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Andre Ward and Sergey Kovalev rematch set for June in Las Vegas

Three-belt light-heavyweight champion Andre Ward of Oakland announced Tuesday that he’s agreed to a June 17 rematch with Russia’s former champion Sergey Kovalev at Mandalay Bay in Las Vegas.

Ward (31-0, 15 knockouts) survived a second-round knockdown to pile up rounds in the second half of his Nov. 19 first meeting with then-unbeaten Kovalev and emerged with a unanimous-decision victory by three judges’ scores of 114-113.

In his first interview since posting his announcement on social media, Ward told the Los Angeles Times that he expects the rematch to be a “continuation” of his late-round success in the first bout.

“This is necessary,” Ward said in a telephone interview. “This is more for the fans who’ve been clamoring for the fight and to set the record straight once and for all. It’s less about me. I’m secure with the first fight. It was no robbery. It was a close fight that I won.

“Of course, in that situation, you’re going to have different people saying all sorts of things. That comes with the territory. In a nutshell, this is for the people who believe in me and have been believing in me, to continue to prove them right. That’s my true motivation.”

The bout will be broadcast on pay-per-view again by HBO.

Armed with a rematch clause inserted in the first contract by his promoter Kathy Duva, Kovalev (30-1-1, 26 KOs) told The Times last month in New York the deal was a foregone conclusion awaiting Ward’s announcement.

Ward said he’s receiving an increase in purse money, which he declined to immediately reveal, and his promoter, Jay Z’s Roc Nation Sports, will be the lead promoter this time around.

That position of authority is something Ward, the most recent U.S, Olympic boxing gold medalist (2004), said he intends to maintain against an opponent he now has valuable familiarity with.

“I know there are some adjustments I can make. We’ll see what he does. This is more about the mentality, the mind and the heart of each fighter,” Ward said.

“I’ve learned more about Kovalev in these last four months than I did by being in the ring with him for 12 rounds. There’s a lot about him in the things he’s said, the way he’s responded to adversity and what he felt was adversity. Very telling. That’s something I’ve taken note of and I’m going to tap into that weakness starting in Round One.”

Ward, who notoriously finds motivation in the criticism occasionally pointed at him, said he came to believe before the first fight that those against him would spare him no margin if he lost.

He said Kovalev, meanwhile, had the comfort of the rematch clause and the ability to lean on an excuse like preferential judging for the American in Las Vegas.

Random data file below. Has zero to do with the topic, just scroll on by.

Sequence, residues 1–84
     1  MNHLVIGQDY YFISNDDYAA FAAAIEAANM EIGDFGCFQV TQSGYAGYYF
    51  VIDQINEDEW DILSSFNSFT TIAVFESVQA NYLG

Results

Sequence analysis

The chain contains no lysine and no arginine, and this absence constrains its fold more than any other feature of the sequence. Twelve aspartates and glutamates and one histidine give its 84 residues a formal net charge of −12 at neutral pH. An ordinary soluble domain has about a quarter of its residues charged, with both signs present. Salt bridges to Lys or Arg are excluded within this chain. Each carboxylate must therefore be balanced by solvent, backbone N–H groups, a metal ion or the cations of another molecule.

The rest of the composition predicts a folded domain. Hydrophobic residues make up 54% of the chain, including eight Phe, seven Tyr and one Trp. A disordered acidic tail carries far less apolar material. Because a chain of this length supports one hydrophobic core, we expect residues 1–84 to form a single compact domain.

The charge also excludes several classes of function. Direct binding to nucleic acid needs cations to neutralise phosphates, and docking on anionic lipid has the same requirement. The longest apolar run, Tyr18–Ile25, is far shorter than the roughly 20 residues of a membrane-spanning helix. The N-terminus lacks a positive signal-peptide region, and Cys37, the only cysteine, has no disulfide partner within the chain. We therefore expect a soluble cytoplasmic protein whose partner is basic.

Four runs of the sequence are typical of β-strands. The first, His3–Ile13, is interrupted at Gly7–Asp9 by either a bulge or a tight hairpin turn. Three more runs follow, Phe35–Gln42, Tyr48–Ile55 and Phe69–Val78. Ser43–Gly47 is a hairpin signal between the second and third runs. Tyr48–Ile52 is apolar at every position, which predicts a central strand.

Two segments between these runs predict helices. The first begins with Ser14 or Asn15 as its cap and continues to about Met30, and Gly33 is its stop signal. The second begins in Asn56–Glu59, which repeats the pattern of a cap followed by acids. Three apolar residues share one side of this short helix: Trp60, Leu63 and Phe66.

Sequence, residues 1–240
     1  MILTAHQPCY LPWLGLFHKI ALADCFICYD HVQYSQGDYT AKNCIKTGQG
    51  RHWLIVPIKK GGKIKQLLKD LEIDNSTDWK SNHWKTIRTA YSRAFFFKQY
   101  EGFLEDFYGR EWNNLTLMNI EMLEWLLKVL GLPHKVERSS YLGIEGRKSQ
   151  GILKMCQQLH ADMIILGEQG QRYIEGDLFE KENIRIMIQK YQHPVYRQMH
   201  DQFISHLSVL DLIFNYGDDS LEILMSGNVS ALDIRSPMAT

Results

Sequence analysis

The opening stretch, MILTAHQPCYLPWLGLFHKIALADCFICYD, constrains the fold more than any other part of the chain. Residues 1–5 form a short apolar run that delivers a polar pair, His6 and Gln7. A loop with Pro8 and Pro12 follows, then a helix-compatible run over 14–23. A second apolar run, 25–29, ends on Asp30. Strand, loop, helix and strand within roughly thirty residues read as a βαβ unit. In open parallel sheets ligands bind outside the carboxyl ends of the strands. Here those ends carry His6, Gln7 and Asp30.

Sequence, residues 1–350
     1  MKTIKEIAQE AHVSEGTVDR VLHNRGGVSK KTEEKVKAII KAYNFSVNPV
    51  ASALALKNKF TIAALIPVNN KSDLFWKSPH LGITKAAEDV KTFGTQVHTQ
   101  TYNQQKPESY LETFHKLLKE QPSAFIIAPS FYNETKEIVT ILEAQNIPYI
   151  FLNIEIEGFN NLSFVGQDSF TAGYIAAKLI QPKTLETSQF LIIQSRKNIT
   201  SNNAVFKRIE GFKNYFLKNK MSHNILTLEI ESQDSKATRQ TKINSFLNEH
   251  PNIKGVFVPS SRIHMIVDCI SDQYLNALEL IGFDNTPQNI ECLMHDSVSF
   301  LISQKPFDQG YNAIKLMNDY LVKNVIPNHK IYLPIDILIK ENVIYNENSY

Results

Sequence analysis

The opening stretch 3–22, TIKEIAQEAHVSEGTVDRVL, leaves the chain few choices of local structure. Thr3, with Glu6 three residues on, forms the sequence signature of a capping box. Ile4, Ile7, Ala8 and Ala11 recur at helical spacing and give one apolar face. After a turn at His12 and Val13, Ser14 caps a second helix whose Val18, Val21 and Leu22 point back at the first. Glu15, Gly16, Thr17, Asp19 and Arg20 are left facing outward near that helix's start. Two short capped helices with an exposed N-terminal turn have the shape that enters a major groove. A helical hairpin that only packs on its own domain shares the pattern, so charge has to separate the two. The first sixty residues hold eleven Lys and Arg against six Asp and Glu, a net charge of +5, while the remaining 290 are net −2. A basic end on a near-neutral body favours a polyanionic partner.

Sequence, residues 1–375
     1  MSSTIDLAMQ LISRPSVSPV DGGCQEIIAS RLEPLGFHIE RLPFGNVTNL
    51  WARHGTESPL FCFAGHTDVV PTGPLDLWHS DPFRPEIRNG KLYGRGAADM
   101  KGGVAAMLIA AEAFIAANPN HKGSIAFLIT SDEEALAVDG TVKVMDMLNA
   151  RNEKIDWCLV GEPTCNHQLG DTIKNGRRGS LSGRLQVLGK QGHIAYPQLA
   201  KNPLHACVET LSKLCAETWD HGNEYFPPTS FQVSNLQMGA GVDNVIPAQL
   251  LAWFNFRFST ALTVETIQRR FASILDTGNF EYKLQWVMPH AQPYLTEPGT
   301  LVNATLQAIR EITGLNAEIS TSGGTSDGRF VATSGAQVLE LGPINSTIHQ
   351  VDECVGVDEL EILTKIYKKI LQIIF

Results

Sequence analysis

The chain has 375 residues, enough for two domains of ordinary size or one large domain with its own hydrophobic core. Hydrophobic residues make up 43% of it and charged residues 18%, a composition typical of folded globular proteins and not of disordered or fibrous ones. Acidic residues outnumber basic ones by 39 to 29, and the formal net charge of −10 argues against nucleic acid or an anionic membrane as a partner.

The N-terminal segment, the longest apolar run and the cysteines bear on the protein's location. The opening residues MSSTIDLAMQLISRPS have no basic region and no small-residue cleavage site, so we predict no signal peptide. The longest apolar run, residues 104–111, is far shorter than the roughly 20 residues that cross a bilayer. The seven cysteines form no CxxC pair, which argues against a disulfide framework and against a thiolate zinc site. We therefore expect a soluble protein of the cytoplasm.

“He’s a lot of an excuse maker … while I kept saying [during the fight] that I have to find a way to win,” Ward said. “I knew if he fell short, he’d be given the benefit of the doubt, would make excuses and would have that soft cushion to fall back on. That’s exactly what happened. That’s what caused him to not be able to bite down and find a way when that fight got hard … me not getting that benefit of the doubt helped me find a way to win it, and that’s how [trainer] Virgil [Hunter] coached me.

“Kovalev has always made excuses when things couldn’t go his way, like not stopping the guy [Isaac Chilemba in July] in Russia. He said he had a cold, had to sell the tickets and was fighting back home. Well, welcome to the party and welcome to the big leagues. When you fight a big fight, you’ve got to find a way to compartmentalize that stuff and still get the job done. I’m looking at the things you’re doing and saying when that pressure’s on, and that’s what’s revealing to me.”

Ward said any delay in getting the deal done mostly had to do with finer points negotiated between Roc Nation and Duva. He said the Voluntary Anti-Doping Authority will again preside over drug testing.

The rematch, Ward predicted, will serve as an exclamation point to the respect he gained by rising from the Kovalev knockdown punch and finding a way to win.

“I understand the standard that’s over my career. It’s been that way since I was a kid. I hope this doesn’t sound arrogant, but I’m not supposed to be on the canvas,” Ward said. “But we understand those things happening in boxing. The key is how you respond. It’s amazing how the questions have been to me about, ‘How’d that happen?’ instead of asking him the tough question of, ‘OK, Krusher, why couldn’t you finish him? Where were you at the second half of the fight? How’d the fight unravel on you and you had no answers?’

“Those questions were never asked. And now it is going to be a continuation of the first fight and it’s going to be me or him, because I’m not going to be hard to find.”

lance.pugmire@latimes.com

Twitter: @latimespugmire

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